Kerning is adjusting the space between two characters in a given string of text. This is useful when a narrow character, such as an i or a t, appears too far away from the surrounding characters. You can decrease the kerning in order to “squeeze” the characters together. Tracking, on the other hand, is adjusting the overall space between all of the characters. You can use tracking to increase the darkness of a heading by decreasing the setting, such that the characters are pressed together, decreasing the amount of white space.
Another way to adjust type color is to modify the amount of leading in between lines of text. Leading is pronounced like the heavy metal — it refers to the lead used back when type was set by hand. It refers to the amount of white space in between lines of text. Occasionally, designers will set decorative text used for callouts and excerpts with tighter leading, making it appear darker than the rest of the text.
Of course, you can also change the physical color of the font. Remember, though, colored type can potentially harm readability. To combat that, consider increasing contrast by setting the type slightly bigger and bolder than you normally would if you want the text to stay visible.
You can use a lighter color in order to indicate that an element is disabled. You can also deemphasize text by setting it in a smaller size as well. Brighter colors can be used to showcased clickable regions (like links), and user warnings or errors. Furthermore, different colors can be used to help your audience differentiate between different words without spaces.
However, one of the most effective ways to make a section stand out strongly from the rest of the page is to highlight it by changing the background to a bright color (much like how you might highlight a textbook with bright yellow or orange). A recent study involving distinguishing between the names of similar sounding medications indicates that highlighted text is the most noticeable compared to techniques like bolding, italicizing, and capitalizing. You can highlight chunks of important text in a document to attract the attention of your readers.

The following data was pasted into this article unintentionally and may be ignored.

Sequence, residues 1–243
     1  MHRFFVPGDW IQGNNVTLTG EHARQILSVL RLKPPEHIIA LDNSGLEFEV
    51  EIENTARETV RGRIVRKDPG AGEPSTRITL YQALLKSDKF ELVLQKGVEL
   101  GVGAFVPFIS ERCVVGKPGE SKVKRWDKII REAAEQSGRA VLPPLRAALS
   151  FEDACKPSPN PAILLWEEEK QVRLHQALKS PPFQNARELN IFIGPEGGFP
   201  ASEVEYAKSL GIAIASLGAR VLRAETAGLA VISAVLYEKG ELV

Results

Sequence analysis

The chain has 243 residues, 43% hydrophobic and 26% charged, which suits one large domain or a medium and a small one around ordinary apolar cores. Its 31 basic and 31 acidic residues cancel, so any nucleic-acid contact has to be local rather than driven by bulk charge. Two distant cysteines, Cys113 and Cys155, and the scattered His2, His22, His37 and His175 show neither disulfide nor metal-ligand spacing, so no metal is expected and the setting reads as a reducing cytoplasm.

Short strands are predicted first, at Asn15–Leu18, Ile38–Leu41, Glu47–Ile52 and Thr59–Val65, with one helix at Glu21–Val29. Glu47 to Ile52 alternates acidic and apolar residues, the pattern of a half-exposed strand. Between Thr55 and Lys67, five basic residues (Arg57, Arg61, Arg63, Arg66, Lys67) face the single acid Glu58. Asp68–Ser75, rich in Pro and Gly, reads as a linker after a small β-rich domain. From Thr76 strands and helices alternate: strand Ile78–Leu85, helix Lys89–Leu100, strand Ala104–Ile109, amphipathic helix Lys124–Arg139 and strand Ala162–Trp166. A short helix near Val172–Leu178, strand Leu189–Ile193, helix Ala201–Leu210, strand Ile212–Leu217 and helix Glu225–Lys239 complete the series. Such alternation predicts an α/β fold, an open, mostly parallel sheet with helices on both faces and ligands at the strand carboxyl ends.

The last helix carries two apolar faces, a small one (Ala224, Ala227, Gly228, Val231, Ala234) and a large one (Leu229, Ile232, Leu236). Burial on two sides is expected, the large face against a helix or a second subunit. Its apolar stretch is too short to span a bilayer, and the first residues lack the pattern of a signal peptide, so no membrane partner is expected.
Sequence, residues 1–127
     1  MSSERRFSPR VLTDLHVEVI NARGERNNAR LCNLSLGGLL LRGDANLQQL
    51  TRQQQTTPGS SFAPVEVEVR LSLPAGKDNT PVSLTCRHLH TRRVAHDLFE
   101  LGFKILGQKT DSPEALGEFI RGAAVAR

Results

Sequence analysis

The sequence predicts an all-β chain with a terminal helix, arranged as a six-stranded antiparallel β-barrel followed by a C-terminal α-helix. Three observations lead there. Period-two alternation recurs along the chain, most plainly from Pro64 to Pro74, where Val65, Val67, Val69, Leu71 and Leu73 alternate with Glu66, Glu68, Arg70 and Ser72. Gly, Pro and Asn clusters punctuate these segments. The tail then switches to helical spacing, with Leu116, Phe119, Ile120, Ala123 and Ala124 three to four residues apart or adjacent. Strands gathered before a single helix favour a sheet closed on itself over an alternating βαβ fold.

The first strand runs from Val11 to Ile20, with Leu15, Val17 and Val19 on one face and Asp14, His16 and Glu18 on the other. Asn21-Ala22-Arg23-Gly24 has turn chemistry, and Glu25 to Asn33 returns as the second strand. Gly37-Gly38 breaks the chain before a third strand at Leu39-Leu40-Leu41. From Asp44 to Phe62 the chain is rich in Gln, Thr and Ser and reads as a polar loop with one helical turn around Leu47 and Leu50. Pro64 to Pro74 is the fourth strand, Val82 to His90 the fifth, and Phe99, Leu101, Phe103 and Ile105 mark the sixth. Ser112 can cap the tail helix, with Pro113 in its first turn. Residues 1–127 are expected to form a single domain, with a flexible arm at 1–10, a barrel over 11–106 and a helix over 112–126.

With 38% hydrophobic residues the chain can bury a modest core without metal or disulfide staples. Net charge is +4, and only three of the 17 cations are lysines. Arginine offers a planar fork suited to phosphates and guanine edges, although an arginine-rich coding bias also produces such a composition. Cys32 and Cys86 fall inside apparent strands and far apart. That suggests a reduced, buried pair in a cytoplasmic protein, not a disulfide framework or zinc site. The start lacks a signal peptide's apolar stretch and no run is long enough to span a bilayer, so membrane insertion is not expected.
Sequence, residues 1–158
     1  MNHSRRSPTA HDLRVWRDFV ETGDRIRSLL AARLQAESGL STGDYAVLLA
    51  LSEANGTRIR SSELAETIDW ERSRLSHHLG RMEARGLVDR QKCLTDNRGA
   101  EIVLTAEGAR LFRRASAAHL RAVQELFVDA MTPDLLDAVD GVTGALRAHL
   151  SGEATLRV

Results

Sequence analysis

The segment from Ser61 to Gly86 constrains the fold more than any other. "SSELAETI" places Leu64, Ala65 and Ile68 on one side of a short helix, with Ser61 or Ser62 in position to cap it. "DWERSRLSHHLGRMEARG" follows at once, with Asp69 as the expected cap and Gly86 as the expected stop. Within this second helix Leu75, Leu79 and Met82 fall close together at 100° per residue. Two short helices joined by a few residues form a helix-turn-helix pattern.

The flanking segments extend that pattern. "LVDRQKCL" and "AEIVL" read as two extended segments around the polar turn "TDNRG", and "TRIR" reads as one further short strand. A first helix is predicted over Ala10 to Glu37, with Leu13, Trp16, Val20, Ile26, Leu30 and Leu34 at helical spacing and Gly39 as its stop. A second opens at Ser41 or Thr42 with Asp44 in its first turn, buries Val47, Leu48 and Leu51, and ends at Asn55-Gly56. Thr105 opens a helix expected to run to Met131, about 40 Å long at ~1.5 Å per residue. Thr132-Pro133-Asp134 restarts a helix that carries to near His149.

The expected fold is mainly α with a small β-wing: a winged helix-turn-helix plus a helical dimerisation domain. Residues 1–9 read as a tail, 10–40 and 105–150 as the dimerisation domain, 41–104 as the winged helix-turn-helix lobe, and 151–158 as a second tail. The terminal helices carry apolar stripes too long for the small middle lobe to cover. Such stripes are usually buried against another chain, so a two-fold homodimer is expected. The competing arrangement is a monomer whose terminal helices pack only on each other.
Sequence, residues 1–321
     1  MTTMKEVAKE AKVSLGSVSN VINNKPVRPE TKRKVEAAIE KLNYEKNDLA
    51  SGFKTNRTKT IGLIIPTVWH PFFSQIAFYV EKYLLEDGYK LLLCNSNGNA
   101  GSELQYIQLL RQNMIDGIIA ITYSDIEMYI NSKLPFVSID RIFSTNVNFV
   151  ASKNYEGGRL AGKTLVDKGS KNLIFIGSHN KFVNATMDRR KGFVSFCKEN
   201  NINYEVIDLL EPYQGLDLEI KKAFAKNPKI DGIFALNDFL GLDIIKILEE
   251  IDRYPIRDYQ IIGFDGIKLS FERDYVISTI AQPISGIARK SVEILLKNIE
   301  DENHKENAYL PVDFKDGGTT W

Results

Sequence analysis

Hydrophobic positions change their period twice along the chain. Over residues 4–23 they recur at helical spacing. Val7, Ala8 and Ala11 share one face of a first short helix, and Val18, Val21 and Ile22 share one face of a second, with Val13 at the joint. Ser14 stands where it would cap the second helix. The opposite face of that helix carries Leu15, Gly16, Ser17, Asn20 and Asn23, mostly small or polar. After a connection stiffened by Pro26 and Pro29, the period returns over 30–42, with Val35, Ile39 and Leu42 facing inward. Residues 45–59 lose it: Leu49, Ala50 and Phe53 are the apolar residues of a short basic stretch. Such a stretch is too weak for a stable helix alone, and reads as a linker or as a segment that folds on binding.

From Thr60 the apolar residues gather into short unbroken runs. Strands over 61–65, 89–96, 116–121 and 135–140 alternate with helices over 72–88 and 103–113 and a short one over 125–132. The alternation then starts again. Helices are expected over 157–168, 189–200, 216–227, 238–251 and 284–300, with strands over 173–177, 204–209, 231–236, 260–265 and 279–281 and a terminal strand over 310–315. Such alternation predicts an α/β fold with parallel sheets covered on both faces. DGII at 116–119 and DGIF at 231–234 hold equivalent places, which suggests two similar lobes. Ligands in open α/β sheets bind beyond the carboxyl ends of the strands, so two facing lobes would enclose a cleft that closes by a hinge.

Changing the actual style of text can further help create typographic contrast and hierarchy in a design. Capitalization is often used to differentiate titles and headings from body text. For instance, many designers will set their headers in small caps. You can also use small-caps in the beginning of a sentence in order to add graphical flair and draw the reader into the content.
This is much better than using a drop-cap because it is much more readable and does not destroy the continuity of the inital word of the paragraph. Small-caps are also good for text that is important but tangential to the main idea. On a blog, the name of the author can be set in small-caps (and in lighter font) if there is only one or two main authors.
One thing to avoid with capitalization is setting entire chunks of text in capital letters. It is true that capital letters often denote screaming or yelling, but the main issue is that chunks of text in all capital letters is very difficult to read.
Designers can also use bold, italics, and underlining to emphasize and contrast text. Generally, you do not want to use underlining to emphasize text on the web because it could easily be mistaken for a link. However, you may want to use bold or italicized font to draw the audience to a central word or idea in the content. Of course, you want to have reserve when deciding what text to emphasize. By bolding or italizicing everything, it loses the ability to grab attention and create contrast.
Bolding is also appropriate for headings and titles because the wider stroke lengths tend to increase the text color. The larger text used in headings tends to appear looser (especially in HTML/CSS), and the bold strokes help negate white space and create structure.
Many typesetters and designers feel that typographic contrast can only be created by modifying the style of the type. However, beautiful typography is more than just an aesthetic; it is also a way of graphically communicating with the audience. Therefore, designers can play with the protocols inherent in content in order to change the look and feel of both the type and the design as a whole.
There are numerous formatting protocols that exist in the English language. For example, addresses, phone numbers, and email accounts all have specific rules for how they should be typed. However, a web designer can create typographic contrast by breaking some but not all of the formatting rules. For instance, omit the parentheses around the area code, but leave in the dash. Or, spell out the abbreviation for street or avenue. This is especially helpful when there is something in the address you want to emphasize as a part of your image. (For instance, changing 5th Ave. to Fifth Avenue)
Sometimes, though, typography is at its most powerful by merely refusing to show all of the text. Creating beautiful type — and then covering some of it up — can tell a story about a design. By obscuring a portion of the text, you are creating a strong contrast between the text that is readable and the text that is not. It can indicate surprise, style, and class. Or, it can display an incompleteness that causes the meaning of the type to be obscured, allowing it to be type for art’s sake and not for readable content.
How to be an Easy Read: Selecting the Appropriate Font Face
Selecting the correct font is absolutely critical to creating high quality typography and to maximizing readability. Typeface comes with centuries of tradition; therefore, selecting the right one also requires you to assess the cultural and historical meaning of your type. Below, we describe the two main categories of typeface, and how well they fit into the roles of text, display type, and decorative type.